ARM has always been committed to work with the ecosystem and cooperate with partners to get the best out of our cores. One important aspect of the cooperation is sharing what we have done in the open source and what we plan to do in the near future.
In the first quarter of 2015 we focused on getting GCC 5 ready for release, plus some work on both A-Profile and R/M-Profile processors.
In particular, for Cortex-A processors, we made improvements to the instruction scheduling model, more accurate now, and we set an additional number of compiler tuning parameters which will lead to performance improvements on Cortex-A57. We also added support for the new Cortex-A72 and performed an initial tuning for performance.
On the Cortex-R/M class we created Thumb-I Prologue/Epilogues in RTL representation in order to allow the compiler to operate further tuning on functions call/return.
Additional work has been done, along with the community, for improving NEON® intrinsics, refiningstring routines in glibc and implementing aeabi_memclr / aeabi_memset / aeabi_memmov in Newlib.
For the second quarter of 2015, we plan to complete what we started at the beginning of the year: first of all we are going to continue supporting and helping with the release of GCC 5. This is an important milestone and we want to make sure ARM support this. We will continue to work on adding support for ARMv8.1-A architecture in GCC and improving performance for Cortex-A53 and Cortex-A57. For example we noticed that GCC is generating branches to compile code with If/Then statements where a conditional select could be used instead: compiler engineers are exploring this optimisation opportunity which could potentially give a significant performance boost.
The activity on LLVM has been focused on improving both AArch32 and AArch64 code generation: we added Cortex-A72 basic support and continue to advance the performance of the code generated for ARMv8 architecture such as improving unrolling heuristics.
Initially our efforts have been mainly directed to ARMv8 but we are now gradually making big advancements on ARMv7-A and ARMv7-M as well (read section MC-Hammer).
Supporting cores is not our only concern: the software ecosystem is important for us and in the last quarter we’ve been fixing stack re-alignment issues with the Android Open Source Project when built with LLVM.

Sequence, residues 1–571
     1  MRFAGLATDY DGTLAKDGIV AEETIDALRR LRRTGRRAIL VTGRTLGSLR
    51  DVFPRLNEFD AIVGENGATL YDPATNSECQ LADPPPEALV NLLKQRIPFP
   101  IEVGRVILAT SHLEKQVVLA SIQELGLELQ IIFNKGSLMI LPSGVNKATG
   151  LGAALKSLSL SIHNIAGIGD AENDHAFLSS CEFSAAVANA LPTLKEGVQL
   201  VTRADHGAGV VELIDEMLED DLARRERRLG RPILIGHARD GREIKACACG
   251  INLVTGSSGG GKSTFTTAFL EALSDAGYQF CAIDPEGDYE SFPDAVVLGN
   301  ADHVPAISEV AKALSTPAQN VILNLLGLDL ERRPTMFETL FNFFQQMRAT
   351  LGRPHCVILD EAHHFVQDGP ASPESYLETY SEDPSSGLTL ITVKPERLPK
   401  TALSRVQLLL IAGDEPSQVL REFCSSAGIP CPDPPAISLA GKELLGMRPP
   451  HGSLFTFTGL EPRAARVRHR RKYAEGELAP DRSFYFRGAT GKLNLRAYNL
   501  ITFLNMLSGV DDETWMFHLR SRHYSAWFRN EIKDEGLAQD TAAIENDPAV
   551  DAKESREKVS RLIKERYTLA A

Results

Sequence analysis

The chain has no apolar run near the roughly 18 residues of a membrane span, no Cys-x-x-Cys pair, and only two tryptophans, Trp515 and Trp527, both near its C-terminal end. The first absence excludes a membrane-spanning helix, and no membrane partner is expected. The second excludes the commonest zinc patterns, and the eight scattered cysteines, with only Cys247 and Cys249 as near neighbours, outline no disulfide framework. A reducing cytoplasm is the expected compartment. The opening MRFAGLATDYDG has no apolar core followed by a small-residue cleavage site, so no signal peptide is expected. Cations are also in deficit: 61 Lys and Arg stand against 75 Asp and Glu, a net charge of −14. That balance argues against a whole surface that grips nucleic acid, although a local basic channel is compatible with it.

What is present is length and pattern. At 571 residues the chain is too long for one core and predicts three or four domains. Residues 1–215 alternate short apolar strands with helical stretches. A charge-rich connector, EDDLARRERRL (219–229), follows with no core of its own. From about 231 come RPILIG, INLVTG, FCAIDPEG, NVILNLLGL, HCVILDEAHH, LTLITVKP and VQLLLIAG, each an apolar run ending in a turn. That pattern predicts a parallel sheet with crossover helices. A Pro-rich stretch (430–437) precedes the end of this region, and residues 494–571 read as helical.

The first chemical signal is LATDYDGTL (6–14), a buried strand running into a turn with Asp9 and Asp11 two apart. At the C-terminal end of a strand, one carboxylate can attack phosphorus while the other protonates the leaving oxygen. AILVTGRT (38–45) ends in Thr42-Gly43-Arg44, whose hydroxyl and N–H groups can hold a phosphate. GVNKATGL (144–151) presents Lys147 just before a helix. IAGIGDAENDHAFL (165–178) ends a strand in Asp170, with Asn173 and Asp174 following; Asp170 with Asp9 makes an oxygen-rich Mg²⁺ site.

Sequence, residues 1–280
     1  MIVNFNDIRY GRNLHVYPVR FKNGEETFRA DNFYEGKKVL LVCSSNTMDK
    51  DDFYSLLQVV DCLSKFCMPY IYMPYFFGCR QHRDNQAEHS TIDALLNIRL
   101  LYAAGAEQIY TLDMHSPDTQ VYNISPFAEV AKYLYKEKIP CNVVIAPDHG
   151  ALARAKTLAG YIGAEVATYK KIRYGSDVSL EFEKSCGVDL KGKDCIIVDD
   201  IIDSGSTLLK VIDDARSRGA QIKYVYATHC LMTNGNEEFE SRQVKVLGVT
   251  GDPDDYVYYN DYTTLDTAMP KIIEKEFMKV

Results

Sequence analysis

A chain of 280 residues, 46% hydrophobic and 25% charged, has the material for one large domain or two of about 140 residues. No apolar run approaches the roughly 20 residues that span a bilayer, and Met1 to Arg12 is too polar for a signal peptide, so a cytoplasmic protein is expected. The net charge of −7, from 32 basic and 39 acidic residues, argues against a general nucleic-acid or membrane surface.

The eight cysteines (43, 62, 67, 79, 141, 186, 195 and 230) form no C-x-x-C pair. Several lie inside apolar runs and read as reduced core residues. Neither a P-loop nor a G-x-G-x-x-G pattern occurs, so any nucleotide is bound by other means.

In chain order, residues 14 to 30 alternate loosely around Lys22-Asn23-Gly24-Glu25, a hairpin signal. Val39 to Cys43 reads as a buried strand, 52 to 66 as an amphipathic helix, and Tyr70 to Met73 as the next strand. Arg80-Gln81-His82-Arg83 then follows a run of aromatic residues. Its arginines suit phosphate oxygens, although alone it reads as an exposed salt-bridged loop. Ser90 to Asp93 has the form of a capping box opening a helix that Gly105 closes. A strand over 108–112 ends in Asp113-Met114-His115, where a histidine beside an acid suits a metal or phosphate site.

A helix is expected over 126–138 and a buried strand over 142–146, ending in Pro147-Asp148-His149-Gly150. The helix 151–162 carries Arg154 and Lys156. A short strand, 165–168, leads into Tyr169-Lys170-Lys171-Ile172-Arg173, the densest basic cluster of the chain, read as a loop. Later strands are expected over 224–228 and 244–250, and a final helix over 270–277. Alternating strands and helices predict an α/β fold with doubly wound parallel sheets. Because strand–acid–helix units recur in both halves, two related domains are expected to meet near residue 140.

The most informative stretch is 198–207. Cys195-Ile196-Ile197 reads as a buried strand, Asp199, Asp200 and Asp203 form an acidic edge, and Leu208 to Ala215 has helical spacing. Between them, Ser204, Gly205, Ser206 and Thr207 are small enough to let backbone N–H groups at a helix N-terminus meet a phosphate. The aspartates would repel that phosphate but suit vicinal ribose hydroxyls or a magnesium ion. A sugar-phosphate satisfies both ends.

During the next three months we will extend the support for ARMv8.1-A architecture and we will continue to work on performance optimisations. Some of the areas we will target are vectorisation, inlining, loop unrolling and floating point transformations. We are also discussing the support for strided accesses of the autovectorizer to maximise the usage of structure load and stores.
We will continue to support the Android Open Source Project (AOSP). In particular we will focus on stack size usage: LLVM is not performing as well as it could be in determining when local variables are not used anymore (“lifetime markers”) causing an unnecessary increase of stack usage.
Richard Barton presented MC-Hammer at Euro-LLVM 2012 (you can find presentation and slides here at LLVM website http://llvm.org/devmtg/2012-04-12/), a tool we’ve been using to verify the correctness of LLVM-MC against our proprietary reference implementation.
In 2012 we estimated that at the time ~10% of the all ARM instructions for Cortex-A8 were incorrectly encoded and 18% of instructions were incorrectly assembled when using LLVM. Over the past three years we gradually fixed corner case bugs and we are now confident that v7-A and v7-M variants of the ARM architecture are correct, as well as AArch64. This is a great result and it means that this functionality in LLVM-MC can be trusted and built upon.
We participated at EuroLLVM 2015 on 13th and 14th April in London (UK) and we will be at GNU Tools Cauldron 2015 on 7th/8th/9th August in Prague (Czech Republic): please come and talk with us! For more details please refer to the full presentation given by Matthew Gretton-Dann available on YouTube and his slides attached to this blog or get in contact with us if you need further information. We would like to hear from you on what you are doing in this space and maybe work together to achieve a shared goal.